Team History Displays. The Colts hang their championship banners at each end of the stadium. At the north end are the ones they've won from 2004 onward, including their 2006 World Championship and 2009 AFC Championship banners. At the south end are the ones they won from 1995 to 2003. There is no mention of their achievements from their days in Baltimore, which is as it should be, since the Indianapolis Colts did not win the 1958, 1959, 1968 and 1970 NFL Championships, nor Super Bowl V.
The Colts have a Ring of Honor, whose members include: Robert Irsay, the owner who moved them to Indianapolis; Ted Marchibroda, who coached them to the Playoffs in both cities (and is the only man to be head coach of both the Colts and their replacements in Baltimore, the Ravens); Tony Dungy, who coached them to their Super Bowl XLI win; offensive lineman Chris Hinton, the only man in the Ring (besides Marchibroda) who was with the team in Baltimore; quarterback Jim Harbaugh, now the head coach at the University of Michigan; running backs Eric Dickerson, Marshall Faulk and Edgerrin James; receivers Bill Brooks and Marvin Harrison; center Jeff Saturday (will be inducted later this season); and their fans as "the 12th Man."
Should be "1999-2005." They had the room.
As yet, Dungy, Harrison and Saturday are the only men inducted from their title team; most likely, Peyton Manning won't be inducted until after he retires as a player. They also have yet to elect a defensive player.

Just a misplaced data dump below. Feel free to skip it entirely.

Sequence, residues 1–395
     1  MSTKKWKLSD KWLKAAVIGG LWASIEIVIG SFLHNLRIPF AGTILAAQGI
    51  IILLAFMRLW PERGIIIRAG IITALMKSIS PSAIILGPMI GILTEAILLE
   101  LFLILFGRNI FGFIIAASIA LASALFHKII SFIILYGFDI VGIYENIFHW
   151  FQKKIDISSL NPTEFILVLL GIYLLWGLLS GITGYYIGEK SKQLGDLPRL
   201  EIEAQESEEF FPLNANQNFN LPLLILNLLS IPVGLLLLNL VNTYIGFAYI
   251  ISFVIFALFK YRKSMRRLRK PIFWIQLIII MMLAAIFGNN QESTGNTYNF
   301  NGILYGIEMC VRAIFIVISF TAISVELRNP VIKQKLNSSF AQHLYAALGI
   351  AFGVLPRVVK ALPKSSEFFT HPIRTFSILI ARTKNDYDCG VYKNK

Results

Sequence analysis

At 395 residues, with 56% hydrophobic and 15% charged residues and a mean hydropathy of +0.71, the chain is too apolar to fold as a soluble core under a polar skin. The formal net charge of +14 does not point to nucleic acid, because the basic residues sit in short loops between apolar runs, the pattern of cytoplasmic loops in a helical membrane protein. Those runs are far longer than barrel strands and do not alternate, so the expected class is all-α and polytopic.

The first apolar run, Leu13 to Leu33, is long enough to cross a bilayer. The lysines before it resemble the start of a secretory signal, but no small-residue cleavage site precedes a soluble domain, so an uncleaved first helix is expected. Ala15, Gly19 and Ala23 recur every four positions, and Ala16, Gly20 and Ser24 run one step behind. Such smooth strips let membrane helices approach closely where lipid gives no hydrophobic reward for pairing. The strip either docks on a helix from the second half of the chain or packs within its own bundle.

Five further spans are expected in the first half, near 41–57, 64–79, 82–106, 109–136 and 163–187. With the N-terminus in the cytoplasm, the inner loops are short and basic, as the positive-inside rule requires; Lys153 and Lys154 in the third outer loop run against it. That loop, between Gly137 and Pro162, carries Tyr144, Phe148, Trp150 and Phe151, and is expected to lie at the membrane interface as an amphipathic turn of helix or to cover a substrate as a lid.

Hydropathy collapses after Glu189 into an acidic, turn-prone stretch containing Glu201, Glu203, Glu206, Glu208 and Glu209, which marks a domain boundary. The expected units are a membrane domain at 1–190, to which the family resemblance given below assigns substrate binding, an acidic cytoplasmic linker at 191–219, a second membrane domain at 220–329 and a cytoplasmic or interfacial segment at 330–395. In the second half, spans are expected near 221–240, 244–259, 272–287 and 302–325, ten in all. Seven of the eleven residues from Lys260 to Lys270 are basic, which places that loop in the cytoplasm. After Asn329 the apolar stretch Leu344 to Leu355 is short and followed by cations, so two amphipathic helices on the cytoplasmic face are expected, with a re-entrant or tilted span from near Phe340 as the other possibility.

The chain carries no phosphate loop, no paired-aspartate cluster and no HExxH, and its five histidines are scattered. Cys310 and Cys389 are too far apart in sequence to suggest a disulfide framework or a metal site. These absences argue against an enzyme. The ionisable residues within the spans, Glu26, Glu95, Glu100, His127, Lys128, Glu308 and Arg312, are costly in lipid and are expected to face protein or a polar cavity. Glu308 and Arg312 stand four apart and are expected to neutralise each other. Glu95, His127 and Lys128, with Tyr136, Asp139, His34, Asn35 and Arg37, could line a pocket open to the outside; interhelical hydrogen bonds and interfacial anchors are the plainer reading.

The Colts have 7 retired numbers, but all are from their Baltimore years: 19, quarterback Johnny Unitas; 22, running back Buddy Young; 24, running back Lenny Moore; 70, defensive tackle Art Donovan; 77, guard Jim Parker; 82, receiver Raymond Berry; and 89, defensive end Gino Marchetti. Donovan was the first Baltimore athlete to get his number retired, before Unitas, before Brooks or Frank Robinson.
Jim Irsay, who inherited ownership of the team from his father Bob, has already announced that no Colt will ever wear Manning's 18 again. This means it will likely be the first Indianapolis-era number to be officially retired, although Harrison's 88, worn by Hall-of-Fame tight end John Mackey in Baltimore, is also not currently being used. Number 32, worn by James and Baltimore-era linebacker Mike Curtis, is being used, by safety Colt Anderson, 1 of only 2 players in NFL history to be named "Colt" (Washington Redskins quarterback Colt McCoy is the other), and the first ever to play for the Colts (although end Lloyd Colteryahn played for them in their early days).
Dickerson, Faulk, and newly-elected general manager Bill Polian are the only members of the Pro Football Hall of Fame to have had significant portions of their careers in Indianapolis. From Baltimore, the list includes Berry, Donovan, Marchetti, Moore, Parker, Unitas, Mackey, linebacker Ted Hendricks (5 years with the Colts, but "the Mad Stork" is better known for playing with the Oakland Raiders), and coaches Weeb Ewbank and Don Shula.
Unitas, Berry, Parker, Marchetti, and linebacker Ted Hendricks were named to the NFL's 75th Anniversary team in 1994. Moore, tight end John Mackey, and 1 Indianapolis-era player, Dickerson, were named to The Sporting News' 100 Greatest Football Players in 1999. All of those, as well as Manning and Faulk, were named to the NFL Network's 100 Greatest Players in 2010.
Stuff. The Colts Pro Shop is in the stadium's northeast corner, at South & Capitol. Additional souvenir stands are all over.
In 2013, Lew Freedman published Indianapolis Colts: The Complete Illustrated History, taking the team from their 1984 arrival through the 2012 season, the first with Andrew Luck at quarterback. Freedman has written many sports books, including a similar book about the Giants and a biography of LeBron James.